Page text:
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Dual hoover dust extractor

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chris.gid

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Hi, was looking for some advice before i spend a weekend messing around with ducting.
I have a few spare hoovers lying around I've been using for dust extraction from jobsite table saw, track saw etc in my shed. Thinking of getting a cyclone to increase dust collection capacity (as bins on hoovers are small). Cyclones have 50mm dust ports, so was thinking i could connect 2 of the hoovers with 32mm hoses (2 a same model dysons) with a y joint for some extra CFM (as a 50mm hose has greater area than 2x 32mm hoses).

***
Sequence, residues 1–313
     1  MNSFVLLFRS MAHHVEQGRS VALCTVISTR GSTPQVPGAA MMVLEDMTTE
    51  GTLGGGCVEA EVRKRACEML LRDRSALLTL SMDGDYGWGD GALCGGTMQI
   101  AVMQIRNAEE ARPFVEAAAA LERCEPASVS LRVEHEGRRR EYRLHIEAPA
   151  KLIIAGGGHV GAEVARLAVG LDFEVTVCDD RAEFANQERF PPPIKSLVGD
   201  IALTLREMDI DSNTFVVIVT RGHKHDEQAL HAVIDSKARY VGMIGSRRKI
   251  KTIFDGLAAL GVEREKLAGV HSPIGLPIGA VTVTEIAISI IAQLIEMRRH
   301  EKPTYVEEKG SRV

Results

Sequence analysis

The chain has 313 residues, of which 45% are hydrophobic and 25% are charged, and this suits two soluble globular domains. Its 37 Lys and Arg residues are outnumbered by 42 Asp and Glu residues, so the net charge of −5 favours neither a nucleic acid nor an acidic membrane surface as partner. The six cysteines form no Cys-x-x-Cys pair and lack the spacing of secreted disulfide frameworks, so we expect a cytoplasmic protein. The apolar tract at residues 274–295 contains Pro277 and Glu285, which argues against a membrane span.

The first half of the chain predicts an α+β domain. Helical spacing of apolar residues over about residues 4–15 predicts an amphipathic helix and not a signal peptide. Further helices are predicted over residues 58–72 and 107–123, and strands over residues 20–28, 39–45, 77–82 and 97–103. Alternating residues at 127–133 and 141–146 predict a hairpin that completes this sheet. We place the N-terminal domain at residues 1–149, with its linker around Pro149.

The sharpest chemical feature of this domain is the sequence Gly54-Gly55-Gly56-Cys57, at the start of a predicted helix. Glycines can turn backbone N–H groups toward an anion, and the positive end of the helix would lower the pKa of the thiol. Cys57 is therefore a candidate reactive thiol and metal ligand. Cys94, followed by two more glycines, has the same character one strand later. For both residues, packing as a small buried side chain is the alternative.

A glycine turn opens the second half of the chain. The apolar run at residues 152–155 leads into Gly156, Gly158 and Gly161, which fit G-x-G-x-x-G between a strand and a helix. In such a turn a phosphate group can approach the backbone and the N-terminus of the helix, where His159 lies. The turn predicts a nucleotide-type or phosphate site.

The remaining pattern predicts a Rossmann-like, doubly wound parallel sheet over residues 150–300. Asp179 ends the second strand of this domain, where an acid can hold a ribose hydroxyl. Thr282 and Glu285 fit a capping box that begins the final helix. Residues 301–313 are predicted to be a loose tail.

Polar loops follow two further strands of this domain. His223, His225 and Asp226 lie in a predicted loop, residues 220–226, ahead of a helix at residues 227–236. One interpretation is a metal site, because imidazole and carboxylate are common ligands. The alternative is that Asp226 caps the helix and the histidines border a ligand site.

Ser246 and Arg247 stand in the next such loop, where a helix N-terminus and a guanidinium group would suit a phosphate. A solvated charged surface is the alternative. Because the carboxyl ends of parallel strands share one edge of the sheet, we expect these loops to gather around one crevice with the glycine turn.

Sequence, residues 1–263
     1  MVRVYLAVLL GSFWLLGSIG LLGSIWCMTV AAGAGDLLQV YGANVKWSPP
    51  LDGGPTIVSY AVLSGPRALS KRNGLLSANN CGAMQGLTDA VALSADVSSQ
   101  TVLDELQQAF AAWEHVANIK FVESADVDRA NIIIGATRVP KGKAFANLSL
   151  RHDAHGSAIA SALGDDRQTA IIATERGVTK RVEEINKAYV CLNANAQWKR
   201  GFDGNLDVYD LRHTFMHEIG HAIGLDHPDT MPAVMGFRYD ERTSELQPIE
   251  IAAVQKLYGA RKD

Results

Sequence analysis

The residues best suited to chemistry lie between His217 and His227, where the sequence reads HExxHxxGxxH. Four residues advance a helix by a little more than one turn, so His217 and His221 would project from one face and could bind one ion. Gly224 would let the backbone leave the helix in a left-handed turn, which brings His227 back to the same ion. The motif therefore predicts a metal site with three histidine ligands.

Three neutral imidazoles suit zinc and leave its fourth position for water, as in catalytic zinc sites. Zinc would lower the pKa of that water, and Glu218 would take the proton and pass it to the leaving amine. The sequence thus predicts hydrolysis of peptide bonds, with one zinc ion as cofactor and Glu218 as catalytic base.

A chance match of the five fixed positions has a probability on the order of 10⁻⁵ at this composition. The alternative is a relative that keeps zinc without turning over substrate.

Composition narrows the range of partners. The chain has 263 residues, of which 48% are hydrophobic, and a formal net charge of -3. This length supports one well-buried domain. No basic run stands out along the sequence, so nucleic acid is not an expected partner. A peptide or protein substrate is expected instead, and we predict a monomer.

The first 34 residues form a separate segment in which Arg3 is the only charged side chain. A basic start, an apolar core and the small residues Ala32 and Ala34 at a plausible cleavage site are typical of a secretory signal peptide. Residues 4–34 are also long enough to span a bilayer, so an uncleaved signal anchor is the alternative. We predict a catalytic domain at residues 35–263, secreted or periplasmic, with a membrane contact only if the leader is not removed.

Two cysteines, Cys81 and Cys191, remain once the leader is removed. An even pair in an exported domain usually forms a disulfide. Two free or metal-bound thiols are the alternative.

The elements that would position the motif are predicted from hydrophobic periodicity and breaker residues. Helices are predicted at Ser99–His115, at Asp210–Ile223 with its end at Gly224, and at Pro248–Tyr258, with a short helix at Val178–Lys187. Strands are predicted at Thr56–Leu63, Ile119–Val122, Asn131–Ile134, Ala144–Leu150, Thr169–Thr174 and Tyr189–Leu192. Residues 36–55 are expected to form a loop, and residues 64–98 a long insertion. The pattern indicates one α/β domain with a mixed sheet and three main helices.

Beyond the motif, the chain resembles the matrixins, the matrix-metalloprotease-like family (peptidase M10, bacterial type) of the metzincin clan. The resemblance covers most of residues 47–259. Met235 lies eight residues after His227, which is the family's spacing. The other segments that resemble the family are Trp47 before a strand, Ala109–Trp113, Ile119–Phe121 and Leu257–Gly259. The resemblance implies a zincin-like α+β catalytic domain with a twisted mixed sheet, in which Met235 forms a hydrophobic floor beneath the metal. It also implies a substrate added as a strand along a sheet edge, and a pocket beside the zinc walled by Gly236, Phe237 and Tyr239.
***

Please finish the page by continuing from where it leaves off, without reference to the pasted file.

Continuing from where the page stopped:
Has anyone ever tried or seen this before, cant see anything on youtube or forums, so dont know if that because no one has tried it or because it doesn't work (ie the 2 hoovers just fight each other rather than pulling double air volume).

I know a proper dust collection system would be preferable but for the bits weekend woodworking i do i'd rather spend the money on new tools rather dust collectors.

Thanks
 

Sheptonphil

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The reason you won’t find much on you tube is because it’s a bad idea, period. They will fight each other, not double the extraction as per your thinking. You won’t find a commercially made setup with two vacuums and a Y piece.
 

sunnybob

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The first five minutes can be skipped to get to the dual extractor bit.
Stumpy nubs has made a lot of videos on dust collection.
 

Inspector